Utah Women in World War I from the UHQ

Date: March 28, 2022 (Season 4, Episode 10: 52 min. & 8 sec. long). Click Here for the BuzzSprout version of this Speak Your Piece episode. The above photograph is of Maud Fitch (right), who is mentioned in this article, an ambulance driver during World War I, circa 1917-1919. Photo courtesy of the Utah State Historical Society Classified Photo Collection. Are you interested in other episodes of Speak Your Piece?  Click Here. This episode was co-produced by Brad Westwood, Chelsey Zamir, and Cassandra Clark, with help (sound engineering and postproduction editing) from Jason Powers from the Utah State Library Recording Studio.

This SYP episode is part of an ongoing series about women’s history in Utah. It involves a discussion with Dr. Cassandra Clark about Miriam B. Murphy’s 2015 Utah Historical Quarterly article, entitled: “‘If Only I Shall Have the Right Stuff’: Utah Women in World War I,” (Fall, 1990: Vol. 58, No. 4), which draws on stories of Utah women’s participation in WWI.

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Miriam Murphy sums up her argument: this article explores the Utah women who participated in a range of war-related activities in “direct participation with the military or with civilian organizations that took them to the battlefront.” (pg. 336) A longtime editor for the UHQ, Murphy states that many of these women’s activities and accomplishments to the war effort went unnoticed and received little to no historical scrutiny. 

“… Most of the women directly involved in World War I had their ‘hour upon the stage and there [were] heard no more.’” (pg. 336)

Dr. Cassandra Clark details in this discussion the many ways in which these Utah women participated in the war effort during WWI. As Murphy mentions, the roles women played in the war were often undocumented and unknown, Dr. Clark states that this article places on the map a more detailed view of exactly who some of those participants were and the accomplishments they made and with this, we can see that women do, in fact, have a long history of involvement in war efforts.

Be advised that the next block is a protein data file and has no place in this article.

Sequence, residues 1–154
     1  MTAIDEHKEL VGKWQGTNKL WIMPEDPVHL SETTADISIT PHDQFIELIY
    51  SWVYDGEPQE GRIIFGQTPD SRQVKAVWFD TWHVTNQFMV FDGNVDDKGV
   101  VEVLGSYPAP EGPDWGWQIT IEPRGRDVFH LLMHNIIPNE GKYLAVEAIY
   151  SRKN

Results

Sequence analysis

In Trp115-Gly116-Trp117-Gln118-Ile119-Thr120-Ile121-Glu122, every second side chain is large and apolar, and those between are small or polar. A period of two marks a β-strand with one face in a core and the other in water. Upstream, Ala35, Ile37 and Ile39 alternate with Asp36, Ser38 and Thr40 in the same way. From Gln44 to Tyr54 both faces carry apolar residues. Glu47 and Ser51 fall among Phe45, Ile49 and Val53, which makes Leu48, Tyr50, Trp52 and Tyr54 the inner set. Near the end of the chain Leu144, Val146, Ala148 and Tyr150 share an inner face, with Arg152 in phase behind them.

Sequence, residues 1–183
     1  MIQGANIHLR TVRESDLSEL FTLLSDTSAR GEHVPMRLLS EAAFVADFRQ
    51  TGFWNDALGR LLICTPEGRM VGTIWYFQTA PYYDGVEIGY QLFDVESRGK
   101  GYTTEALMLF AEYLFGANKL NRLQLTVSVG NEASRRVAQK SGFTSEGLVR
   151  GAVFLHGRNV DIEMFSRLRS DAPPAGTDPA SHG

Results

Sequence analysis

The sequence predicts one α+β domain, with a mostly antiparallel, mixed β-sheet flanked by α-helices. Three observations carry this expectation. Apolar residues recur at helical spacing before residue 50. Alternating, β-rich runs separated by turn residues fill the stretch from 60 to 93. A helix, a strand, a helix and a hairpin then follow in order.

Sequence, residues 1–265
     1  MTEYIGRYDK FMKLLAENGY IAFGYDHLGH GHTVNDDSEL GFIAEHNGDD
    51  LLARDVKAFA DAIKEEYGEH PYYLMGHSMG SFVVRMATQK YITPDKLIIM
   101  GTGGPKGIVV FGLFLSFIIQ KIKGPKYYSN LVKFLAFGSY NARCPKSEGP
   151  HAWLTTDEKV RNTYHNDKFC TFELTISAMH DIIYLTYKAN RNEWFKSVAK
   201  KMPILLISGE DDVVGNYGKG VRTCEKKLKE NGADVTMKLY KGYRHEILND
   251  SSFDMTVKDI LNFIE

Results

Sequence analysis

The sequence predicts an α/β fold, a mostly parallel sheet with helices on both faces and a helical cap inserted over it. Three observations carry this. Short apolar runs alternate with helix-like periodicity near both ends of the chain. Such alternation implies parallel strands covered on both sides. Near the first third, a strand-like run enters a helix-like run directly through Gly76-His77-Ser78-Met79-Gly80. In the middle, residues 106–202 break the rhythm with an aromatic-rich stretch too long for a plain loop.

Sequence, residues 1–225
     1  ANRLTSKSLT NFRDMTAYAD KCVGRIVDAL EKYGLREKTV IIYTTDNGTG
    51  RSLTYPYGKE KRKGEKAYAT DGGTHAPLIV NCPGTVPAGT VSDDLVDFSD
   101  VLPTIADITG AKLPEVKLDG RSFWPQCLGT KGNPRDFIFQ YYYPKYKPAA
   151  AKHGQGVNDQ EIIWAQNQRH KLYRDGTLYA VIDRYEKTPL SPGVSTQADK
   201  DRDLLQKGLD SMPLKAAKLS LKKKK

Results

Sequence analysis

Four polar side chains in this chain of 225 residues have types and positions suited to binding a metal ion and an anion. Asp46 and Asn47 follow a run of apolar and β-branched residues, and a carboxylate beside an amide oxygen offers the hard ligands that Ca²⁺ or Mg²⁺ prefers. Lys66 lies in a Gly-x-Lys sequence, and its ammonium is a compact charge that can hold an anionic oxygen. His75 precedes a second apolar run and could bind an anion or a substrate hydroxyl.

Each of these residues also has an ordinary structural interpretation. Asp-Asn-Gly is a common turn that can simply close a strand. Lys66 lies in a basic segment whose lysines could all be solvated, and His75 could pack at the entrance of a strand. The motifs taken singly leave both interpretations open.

Due to gendered ideas in the early 1900s, many women were still limited within the organization of war. Nonetheless, women were involved from the front of the war effort with involvement in nursing and transporting wounded soldiers, all the way to the back with clerical and canteen workers. For the most part, middle class white women were the main participants as neither government nor US military branches offered any funding for women’s participation. Two women by the names of Maud Fitch and Elizabeth McCune were ambulance drivers but were responsible for purchasing their own vehicles, providing their own living expenses, and McCune even went so far as to become a certified mechanic to repair the ambulance herself. Many Utah women were nurses serving at the forefront of the war. Murphy states that about 80 Utah registered nurses served in the war (pg. 343).

Mrs. Kate Battallion, war nurse during World War I, circa 1917-1919. Courtesy of the Classified Photograph Collection, Utah State Historical Society.

Dr. Clark describes that the best way to understand what is going on in the US at this time is a country in shift. Many questions of identity, brought on by the war, were explored. Initially, the US, and by extension Utah, were reluctant to get involved in a war considered a European issue. Once officially involved, many Americans found themselves asking the question of what it looks like to be an American, what does that identity entail? Concerns arise around particular groups of people (immigrants, African Americans, Native Americans) not being “American enough” and the need for an “Americanization” class. Further, women were challenging gender roles by contributing to the war effort, spurring a crisis of masculinity, gender roles and identity.

“Whether they were RNs, ambulance drivers, or canteen and clerical workers, Utah’s women ‘veterans’ obviously had ‘the right stuff.’ They did not consider themselves remarkable, however, nor did they view their wartime roles as masculine; rather, they saw a need and filled it with courage, dedication, and skill.” (pg. 350)

Clark concludes in this discussion with SYP host Brad Westwood, that women did, in fact, have the “right stuff” as the title of the article alludes. Women fully embraced participating in the war, often funding their own involvement. Unfortunately, once the war ends, what is highlighted and remembered is men’s participation, and what’s lost to the annals of history, is the full story of women’s involvement, especially that of working-class women and women of color [whose stories are beyond what is described in this article].

Bio: Miriam B. Murphy was the Associate Editor of the Utah Historical Quarterly from 1970-1997, and in the same unappreciated way helped shape the UHQ into a respected state history journal. Murphy is now considered a pioneer in bringing to the fore women’s history in Utah. 

Bio: Dr. Cassandra Clark (University of Utah, 2018) was, at the time of this recording, Utah Division of State History’s first named Womens’ Historian. In early fall of 2022, Dr. Clark became an assistant professor of history at Utah Tech University (St. George, Utah).

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